Folklore/Cinema: Popular Film as Vernacular Culture

Folklore/Cinema: Popular Film as Vernacular Culture

Mikel J. Koven

Language: English

Pages: 232

ISBN: 0874216737

Format: PDF / Kindle (mobi) / ePub

Interest in the conjunctions of film and folklore is stronger and more diverse than ever. Ethnographic documentaries on folk life and expression remain a vital genre, but scholars such as Mikel Koven and Sharon Sherman also are exploring how folklore elements appear in, and merge with, popular cinema. They look at how movies, a popular culture medium, can as well be both a medium and type of folklore, playing cultural roles and conveying meanings customarily found in other folkloric forms. They thus use the methodology of folklore studies to “read” films made for commercial distribution.

The contributors to this book look at film and folklore convergences, showing how cinema conveys vernacular—traditional and popular—culture. Folklore/ Cinema will be of interest to scholars from many fields—folklore, film studies, popular culture, American studies, history, anthropology, and literature among them—and will help introduce students in various courses to intersections of film and culture.

In the Realm of the Senses (BFI Film Classsics)

The Anatomy of Harpo Marx

American Cinema of the 1960s: Themes and Variations (Screen Decades: American Culture/American Cinema)

Terrence Malick and the Thought of Film



















study of popular fictional cinema that may include elements of the documentary folkloric film. As Zhang defines it, Filmic folklore, by definition, is an imagined folklore that exists only in films, and is a folklore or folklore-like performance that is represented, created, or hybridized in fictional film. Taken out of the original (social, historic, geographic, and cultural) contexts, it functions in similar ways to that of folkloristic films. Filmic folklore imposes or reinforces certain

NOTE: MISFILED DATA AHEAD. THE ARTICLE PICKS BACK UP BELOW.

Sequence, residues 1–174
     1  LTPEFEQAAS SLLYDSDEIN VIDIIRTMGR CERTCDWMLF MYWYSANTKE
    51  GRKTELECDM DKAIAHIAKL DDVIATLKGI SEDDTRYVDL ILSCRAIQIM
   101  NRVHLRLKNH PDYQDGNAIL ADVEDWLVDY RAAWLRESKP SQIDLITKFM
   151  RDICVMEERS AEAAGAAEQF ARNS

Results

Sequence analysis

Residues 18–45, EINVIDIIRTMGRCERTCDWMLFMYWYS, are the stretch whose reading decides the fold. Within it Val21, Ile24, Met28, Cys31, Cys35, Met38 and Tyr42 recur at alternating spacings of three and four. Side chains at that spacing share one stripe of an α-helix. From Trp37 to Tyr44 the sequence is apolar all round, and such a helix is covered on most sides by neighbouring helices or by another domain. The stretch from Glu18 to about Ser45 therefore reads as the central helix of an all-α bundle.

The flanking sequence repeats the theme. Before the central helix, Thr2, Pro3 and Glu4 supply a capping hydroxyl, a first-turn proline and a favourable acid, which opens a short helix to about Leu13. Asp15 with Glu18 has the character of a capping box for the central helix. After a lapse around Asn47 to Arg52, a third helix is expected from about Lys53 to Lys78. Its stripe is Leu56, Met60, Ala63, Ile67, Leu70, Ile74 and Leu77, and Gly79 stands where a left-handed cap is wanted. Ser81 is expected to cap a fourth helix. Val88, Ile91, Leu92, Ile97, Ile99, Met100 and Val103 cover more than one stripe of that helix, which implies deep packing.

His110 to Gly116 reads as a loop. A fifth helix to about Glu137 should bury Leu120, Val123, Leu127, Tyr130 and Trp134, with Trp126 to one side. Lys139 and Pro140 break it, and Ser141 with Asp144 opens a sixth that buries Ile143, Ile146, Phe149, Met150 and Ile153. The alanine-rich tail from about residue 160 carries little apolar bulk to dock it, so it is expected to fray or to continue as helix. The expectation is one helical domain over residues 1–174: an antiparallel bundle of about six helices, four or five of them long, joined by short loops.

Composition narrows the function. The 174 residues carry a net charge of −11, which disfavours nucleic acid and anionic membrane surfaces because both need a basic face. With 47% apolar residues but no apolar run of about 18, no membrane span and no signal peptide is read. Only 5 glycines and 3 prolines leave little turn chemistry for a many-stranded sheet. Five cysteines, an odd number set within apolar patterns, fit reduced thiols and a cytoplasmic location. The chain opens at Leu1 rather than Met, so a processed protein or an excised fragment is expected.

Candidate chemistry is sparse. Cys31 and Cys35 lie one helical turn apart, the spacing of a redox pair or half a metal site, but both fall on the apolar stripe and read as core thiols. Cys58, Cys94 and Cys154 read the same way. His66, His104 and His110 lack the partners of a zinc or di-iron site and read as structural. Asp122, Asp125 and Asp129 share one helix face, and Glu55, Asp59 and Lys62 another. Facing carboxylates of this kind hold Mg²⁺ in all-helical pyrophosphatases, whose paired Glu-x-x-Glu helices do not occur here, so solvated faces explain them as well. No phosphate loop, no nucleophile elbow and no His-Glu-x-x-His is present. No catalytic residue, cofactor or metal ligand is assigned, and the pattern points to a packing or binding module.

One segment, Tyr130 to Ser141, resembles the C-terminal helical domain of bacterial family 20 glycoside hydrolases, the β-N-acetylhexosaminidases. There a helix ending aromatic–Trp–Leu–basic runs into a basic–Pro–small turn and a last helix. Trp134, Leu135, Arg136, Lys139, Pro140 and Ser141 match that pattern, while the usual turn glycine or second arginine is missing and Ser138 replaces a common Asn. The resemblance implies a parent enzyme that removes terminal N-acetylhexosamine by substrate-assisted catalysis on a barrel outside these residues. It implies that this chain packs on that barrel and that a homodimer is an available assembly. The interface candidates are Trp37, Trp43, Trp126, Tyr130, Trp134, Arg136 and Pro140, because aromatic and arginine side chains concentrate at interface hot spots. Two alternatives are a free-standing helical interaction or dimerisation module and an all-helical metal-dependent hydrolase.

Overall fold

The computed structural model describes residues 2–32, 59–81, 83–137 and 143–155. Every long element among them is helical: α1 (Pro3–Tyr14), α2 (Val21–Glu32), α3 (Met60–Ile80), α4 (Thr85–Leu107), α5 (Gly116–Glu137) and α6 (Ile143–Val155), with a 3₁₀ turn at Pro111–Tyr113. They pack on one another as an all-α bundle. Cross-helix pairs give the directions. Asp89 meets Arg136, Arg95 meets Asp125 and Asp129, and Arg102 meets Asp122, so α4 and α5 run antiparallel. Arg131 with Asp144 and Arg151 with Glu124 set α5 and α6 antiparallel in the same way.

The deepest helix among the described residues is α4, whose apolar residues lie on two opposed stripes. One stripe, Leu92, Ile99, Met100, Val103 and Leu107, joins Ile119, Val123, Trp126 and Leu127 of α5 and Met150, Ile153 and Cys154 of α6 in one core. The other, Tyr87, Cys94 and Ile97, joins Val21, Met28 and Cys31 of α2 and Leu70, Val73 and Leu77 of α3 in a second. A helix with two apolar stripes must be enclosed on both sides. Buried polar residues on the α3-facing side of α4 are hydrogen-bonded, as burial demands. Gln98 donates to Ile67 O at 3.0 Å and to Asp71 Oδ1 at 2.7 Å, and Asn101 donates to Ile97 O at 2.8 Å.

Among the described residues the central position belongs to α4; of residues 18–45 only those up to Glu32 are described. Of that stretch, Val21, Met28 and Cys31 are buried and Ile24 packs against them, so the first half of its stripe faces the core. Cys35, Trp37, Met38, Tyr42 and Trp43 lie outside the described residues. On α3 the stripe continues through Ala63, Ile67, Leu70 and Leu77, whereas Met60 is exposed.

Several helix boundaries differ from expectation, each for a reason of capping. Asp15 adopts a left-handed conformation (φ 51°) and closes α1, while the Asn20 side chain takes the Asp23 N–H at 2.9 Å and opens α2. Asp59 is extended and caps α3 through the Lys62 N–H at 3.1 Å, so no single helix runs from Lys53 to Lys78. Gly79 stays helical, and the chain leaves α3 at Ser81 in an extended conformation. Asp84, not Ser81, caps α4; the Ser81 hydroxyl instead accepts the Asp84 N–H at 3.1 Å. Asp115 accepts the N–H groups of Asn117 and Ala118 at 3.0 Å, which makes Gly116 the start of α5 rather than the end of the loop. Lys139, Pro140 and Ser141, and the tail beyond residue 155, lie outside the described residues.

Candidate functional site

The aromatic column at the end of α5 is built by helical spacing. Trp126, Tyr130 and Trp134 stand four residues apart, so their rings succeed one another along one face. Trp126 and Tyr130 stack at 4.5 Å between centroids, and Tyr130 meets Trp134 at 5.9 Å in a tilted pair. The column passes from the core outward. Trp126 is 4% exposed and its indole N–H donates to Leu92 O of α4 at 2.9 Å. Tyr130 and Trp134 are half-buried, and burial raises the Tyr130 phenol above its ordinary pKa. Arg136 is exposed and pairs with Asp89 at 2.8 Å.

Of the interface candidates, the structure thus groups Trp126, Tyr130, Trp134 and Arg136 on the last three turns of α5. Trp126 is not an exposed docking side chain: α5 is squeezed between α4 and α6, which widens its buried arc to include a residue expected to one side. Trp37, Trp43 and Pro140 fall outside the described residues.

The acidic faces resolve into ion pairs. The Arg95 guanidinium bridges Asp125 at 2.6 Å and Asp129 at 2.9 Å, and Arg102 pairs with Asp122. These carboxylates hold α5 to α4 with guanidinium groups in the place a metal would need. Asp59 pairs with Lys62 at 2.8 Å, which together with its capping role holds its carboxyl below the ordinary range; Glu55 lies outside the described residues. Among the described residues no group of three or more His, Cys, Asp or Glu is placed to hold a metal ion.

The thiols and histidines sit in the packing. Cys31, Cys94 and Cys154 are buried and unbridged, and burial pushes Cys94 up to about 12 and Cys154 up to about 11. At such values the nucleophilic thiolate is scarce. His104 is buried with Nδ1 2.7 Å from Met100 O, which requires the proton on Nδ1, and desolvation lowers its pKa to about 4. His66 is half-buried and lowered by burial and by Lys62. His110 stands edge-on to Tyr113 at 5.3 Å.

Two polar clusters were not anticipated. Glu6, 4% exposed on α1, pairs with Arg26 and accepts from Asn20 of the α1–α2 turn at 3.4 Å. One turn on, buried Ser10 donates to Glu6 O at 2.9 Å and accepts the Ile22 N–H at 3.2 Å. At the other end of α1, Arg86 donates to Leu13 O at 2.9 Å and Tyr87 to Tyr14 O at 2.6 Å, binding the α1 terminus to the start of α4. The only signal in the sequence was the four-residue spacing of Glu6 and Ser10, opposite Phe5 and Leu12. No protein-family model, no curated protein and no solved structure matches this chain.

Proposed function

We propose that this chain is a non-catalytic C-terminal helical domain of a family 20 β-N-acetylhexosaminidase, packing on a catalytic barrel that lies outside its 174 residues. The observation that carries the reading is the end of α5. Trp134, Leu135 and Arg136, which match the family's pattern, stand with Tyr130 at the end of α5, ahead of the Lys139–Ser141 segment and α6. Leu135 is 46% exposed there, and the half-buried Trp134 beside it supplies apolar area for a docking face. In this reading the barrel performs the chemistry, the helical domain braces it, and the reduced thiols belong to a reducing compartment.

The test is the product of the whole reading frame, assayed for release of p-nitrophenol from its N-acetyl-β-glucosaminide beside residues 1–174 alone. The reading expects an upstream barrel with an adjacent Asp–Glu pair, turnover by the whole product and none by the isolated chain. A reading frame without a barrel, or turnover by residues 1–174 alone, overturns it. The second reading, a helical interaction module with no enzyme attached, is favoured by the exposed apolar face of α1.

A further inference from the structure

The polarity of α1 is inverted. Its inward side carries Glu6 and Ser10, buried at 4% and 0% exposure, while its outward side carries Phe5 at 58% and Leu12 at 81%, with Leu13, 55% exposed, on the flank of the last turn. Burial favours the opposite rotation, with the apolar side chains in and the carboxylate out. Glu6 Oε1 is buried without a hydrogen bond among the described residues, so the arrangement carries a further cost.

embarrassment and political criticism may function as both hero and antihero. The Making of a Potential Hero Over the course of six months, I interviewed, formally and informally, French and English Canadians on the subject of the Elvis Gratton films and how they perceived the works of Falardeau. I asked interviewees if they could define, in their own terms, hero and antihero with examples. In general, and in accordance with the data collected, they perceived a hero as a person who is admired

narrative, and politics in Borges, Puig, and Piglia. Comparative Literature Studies 40 (4): 351–71. Walker, John. 2003. The digital imprimatur: How big brother and big media can put the Internet genie back in the bottle. Knowledge, Technology & Policy 16 (3): 24–78. 112 MARK ALLEN PETERSON Wall Street Journal. 2003. The genie is out of the bottle. Eastern edition 242 (112), Dec. 8, A14. Westermarck, Edward. 1930. Wit and wisdom in Morocco. London: Routledge and Sons. Younis, Yahia O. 2000.

metaphor for women’s war experiences but also as an effective distancing (Verfremdung) technique (Moehrmann 1980, 156).5 The folktale not only interrupts the fictional narrative as a story-within-a-story but also comments on the film’s visuals, including a soldier’s corpse, a smokestack, an oven, documentary footage of a bombed-out Berlin, and Lene’s rape, all of which establish a connection between the folktale and its historical context (McCormick 1993, 201). Consequently, the Märchen sequence

not guilt­­—confusion. Mari retches behind them, then launches into the whispered prayer of a child: “Now I lay me down to sleep.” The ineffectuality of their bid to reclaim power shows as they attempt to wipe the blood off their hands, then follow Mari as she shambles down the water’s edge as if to wash the horror off herself. The killers at last resort to shooting her submerged body, unable to bring themselves to once more meet her flesh to flesh. Vengeance for his daughter’s death seems

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